Border corssing with Moldova breakaway Transnistria region
Ukrainian border guards stand at a checkpoint at the border with Moldova breakaway Transnistria region, near Odessa. March 13, 2014. Photo by Reuters
Text size
related tags

While the concerned West monitors the slow-burning conflict between Ukraine and Russia, other eastern European states are wondering what may be on the horizon.

In an interview with The Atlantic's Jeffrey Goldberg, Moldova Prime Minister Iurie Leanca intimated his concern about Russian President Vladimir Putin's next potential moves in his supposed realization of Russia's birthright.

Prime Minister Leanca, the head of a pro-Western coalition, specifically cited Russian troop exercises in the separatist region of Transnistria, on the far side of the Dniester River, as his cause for concern.

Transnistria has run its affairs without international recognition since 1992. According to Goldberg, Transnistria has an approximate population of 500,000 and maintains an army and police attachments – both of which are independent of the Moldovan government and receive aid from the two thousand Russian troops present in the region.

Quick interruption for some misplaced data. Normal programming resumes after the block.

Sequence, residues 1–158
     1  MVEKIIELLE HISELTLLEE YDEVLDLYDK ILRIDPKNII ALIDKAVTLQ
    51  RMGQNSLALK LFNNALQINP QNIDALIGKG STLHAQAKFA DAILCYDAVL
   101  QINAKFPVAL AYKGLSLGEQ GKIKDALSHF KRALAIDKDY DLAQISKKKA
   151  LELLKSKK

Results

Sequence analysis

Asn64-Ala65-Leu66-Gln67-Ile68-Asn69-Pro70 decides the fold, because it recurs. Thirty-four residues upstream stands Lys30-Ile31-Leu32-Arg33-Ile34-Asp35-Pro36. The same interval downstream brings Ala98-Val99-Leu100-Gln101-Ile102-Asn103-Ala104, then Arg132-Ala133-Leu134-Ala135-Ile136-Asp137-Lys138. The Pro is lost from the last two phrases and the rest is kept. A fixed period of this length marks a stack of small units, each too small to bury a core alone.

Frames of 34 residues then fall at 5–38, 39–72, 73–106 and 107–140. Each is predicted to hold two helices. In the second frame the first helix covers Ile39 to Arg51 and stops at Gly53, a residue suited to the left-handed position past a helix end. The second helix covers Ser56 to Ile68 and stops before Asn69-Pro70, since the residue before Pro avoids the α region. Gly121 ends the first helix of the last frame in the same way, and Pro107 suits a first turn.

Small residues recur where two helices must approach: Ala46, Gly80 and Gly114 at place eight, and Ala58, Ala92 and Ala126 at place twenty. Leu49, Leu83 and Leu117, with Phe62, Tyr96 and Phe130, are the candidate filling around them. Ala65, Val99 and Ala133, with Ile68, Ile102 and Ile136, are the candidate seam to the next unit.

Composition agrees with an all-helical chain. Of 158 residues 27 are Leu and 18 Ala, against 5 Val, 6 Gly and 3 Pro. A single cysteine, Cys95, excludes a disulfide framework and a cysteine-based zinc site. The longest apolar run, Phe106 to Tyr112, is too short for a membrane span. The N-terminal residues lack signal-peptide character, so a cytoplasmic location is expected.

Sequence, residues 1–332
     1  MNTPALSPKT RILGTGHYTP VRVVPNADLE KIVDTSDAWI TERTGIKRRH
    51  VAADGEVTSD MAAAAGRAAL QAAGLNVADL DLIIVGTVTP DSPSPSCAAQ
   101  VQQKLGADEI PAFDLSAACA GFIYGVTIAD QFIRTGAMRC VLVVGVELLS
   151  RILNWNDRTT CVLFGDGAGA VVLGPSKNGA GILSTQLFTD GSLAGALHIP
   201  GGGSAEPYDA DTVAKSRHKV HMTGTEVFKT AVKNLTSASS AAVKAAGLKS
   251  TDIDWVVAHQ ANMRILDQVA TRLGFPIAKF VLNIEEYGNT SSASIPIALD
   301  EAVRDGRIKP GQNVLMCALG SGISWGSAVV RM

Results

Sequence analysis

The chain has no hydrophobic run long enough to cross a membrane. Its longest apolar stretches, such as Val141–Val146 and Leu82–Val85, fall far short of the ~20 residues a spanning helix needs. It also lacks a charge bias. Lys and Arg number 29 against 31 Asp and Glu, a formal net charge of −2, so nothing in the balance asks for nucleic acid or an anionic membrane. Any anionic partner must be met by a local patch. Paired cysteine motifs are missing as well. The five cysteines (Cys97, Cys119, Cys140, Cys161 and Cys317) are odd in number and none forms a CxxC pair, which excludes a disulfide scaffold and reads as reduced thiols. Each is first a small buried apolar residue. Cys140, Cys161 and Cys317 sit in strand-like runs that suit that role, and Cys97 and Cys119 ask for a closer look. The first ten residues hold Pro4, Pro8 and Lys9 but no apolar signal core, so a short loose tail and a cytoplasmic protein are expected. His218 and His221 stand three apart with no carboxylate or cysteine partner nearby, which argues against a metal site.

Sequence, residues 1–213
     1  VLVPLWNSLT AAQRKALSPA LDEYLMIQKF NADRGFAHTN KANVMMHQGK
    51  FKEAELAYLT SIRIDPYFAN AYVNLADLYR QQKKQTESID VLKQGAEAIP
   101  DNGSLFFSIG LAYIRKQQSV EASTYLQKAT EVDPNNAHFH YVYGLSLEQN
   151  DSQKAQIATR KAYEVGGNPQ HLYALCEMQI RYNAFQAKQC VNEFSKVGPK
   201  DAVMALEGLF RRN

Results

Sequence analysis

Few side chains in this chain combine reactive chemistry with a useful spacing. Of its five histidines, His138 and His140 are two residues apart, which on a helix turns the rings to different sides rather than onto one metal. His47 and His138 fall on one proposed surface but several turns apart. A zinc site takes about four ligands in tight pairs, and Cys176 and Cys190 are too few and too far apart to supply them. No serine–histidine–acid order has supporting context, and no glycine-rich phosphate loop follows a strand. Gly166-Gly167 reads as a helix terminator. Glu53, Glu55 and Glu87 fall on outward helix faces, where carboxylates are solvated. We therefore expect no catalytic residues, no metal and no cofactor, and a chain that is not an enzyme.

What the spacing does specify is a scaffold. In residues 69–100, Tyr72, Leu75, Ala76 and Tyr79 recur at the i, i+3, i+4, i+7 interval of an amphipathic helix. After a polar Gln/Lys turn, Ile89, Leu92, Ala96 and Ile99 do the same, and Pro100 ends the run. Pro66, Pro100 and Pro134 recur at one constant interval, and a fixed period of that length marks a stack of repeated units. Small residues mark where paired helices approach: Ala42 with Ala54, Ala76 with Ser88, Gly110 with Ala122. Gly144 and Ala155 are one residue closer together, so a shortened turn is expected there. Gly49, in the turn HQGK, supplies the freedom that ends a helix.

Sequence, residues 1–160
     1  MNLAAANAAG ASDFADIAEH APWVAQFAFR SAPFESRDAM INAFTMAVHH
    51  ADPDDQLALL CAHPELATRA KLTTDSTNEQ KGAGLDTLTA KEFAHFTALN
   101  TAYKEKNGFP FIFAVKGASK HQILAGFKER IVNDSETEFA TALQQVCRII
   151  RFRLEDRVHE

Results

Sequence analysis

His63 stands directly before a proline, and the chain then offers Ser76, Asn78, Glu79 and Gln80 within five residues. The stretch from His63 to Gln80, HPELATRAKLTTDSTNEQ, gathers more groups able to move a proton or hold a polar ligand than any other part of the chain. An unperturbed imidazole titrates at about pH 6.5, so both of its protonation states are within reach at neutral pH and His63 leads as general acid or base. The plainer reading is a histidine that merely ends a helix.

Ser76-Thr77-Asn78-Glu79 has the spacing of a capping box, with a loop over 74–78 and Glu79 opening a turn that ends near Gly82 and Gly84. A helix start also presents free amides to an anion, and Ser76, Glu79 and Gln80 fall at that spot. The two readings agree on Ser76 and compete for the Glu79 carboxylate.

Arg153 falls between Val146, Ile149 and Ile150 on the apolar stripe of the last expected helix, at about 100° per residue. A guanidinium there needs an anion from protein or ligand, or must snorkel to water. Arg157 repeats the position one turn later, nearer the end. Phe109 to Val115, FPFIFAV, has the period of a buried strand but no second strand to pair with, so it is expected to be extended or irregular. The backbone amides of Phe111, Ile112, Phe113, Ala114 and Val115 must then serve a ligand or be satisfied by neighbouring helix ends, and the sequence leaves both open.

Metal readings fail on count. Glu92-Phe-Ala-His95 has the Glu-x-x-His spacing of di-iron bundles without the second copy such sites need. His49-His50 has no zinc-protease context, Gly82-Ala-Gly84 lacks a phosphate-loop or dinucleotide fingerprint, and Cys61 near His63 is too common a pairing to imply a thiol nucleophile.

Leanca told Goldberg that "the Russian army is trying to learn how to cross the Dniester River in a few minutes." Many fear that Russia would use the region as a bridgehead for invading southern Ukraine.

On Thursday, Putin urged Ukraine to re-open trade and transportation routes into the region. While Leanca refused to directly speculate on Putin's intentions to Goldberg, Defense Minister Valeriu Troenco claimed "[Moldavian forces] are going to get ready. That's my job – to get ready."

Moldova, one of Europe's poorest countries, has had pro-Western governments since 2009 and has a difficult relationship with RUssia, the source of most of its oil and gas. Leanca told Goldberg that "the immediate response to [Moldova's] problems is for the European Union and the United States to come forward with a vision to integrate Moldova into the EU."

Moldova initialed an agreement to strengthen ties with the EU late last year, which is half-way to signing, and it hopes to complete that process by the end of this year.

Last week, four United States senators visited Moldova to support Leanca and the republic's attempted move toward the EU.

Senator John McCain (R-AZ) told students at the Academy of Economic Studies that "[the U.S.] will never ever, ever allow Russia and Vladimir Putin to deprive the people of Moldova of their liberty and right to determine their own future."

McCain would continue to call Russia "a gas station masquerading as a country. In fact, Russia is a gas station run by a Mafioso."